Illustration for article titled To Do: Finish Any Game

Tom Endo has a nice essay up over the Escapist on the issue of finishing games (or not finishing games, as the case may be). "What other medium," he queries, "allows us to be so blithely indifferent to its consumption?". I certainly have a somewhat appalling stack of partially finished games, some of which have been languishing for years. Do games in their current format simply not fit comfortably into the flow of many people's lives?:

It's the difficulty of the transition out of the arcade and into the living room that is revealing itself in people's malaise towards videogame completion. As games move farther away from being money-making amusements and closer to full-fledged pieces of entertainment, developers must take into consideration the ever growing demands videogames place upon a player's concentration. The heart of the matter is that many videogames are no longer simply a contest of skill. They ask a player to follow a storyline, take in large amounts of visual information and respond to that information with a combination of problem solving and hand-eye coordination in order to move the story forward. Even 8 to 10 hours of this, once considered a paltry sum of time to spend with a game, can sap a player's motivation.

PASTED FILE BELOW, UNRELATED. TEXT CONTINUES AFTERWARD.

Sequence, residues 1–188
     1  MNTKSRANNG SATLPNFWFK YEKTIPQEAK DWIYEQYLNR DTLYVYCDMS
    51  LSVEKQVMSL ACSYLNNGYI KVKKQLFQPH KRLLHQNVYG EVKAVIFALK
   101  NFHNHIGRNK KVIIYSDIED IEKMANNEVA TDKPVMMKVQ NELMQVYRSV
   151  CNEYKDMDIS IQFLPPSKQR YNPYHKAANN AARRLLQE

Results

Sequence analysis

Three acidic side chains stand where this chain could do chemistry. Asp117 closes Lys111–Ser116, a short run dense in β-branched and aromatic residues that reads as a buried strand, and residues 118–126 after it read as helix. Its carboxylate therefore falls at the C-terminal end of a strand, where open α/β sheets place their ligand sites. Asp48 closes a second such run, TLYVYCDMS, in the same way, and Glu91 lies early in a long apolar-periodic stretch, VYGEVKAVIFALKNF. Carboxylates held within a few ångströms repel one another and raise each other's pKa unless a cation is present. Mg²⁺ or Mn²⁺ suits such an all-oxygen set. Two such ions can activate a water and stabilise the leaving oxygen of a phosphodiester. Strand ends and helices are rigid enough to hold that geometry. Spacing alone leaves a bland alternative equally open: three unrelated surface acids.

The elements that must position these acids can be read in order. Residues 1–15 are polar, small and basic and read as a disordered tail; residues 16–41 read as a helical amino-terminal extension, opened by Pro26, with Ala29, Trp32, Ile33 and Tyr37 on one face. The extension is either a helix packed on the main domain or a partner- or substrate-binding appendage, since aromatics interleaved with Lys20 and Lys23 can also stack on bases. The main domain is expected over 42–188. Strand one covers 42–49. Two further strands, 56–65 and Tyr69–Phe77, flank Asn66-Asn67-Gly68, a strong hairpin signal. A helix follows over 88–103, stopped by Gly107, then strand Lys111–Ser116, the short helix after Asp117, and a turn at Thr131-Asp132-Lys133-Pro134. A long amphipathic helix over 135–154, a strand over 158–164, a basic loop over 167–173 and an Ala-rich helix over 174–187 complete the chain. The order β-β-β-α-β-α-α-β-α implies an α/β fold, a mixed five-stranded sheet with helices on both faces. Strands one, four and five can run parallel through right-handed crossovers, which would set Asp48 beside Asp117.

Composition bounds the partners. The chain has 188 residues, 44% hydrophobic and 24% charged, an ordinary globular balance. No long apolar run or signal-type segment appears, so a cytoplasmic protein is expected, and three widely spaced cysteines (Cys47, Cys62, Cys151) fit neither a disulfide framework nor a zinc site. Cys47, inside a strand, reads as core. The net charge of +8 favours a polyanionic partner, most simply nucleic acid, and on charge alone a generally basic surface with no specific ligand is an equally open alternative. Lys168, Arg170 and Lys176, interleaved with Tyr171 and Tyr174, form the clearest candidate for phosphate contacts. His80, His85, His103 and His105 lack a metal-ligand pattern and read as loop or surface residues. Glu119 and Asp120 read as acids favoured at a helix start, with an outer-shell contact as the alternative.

Interesting points to ponder, and while I'm sure that lengthy epics can indeed be very off-putting to some, I'm not at all convinced getting rid of my lengthy narrative epic will improve my ability to finish a game. Still, there seems to be little doubt that many aspects of design and how games are put together are changing — but will it put a dent in your 'to do' list of games? To Do: Finish Any Game [The Escapist]

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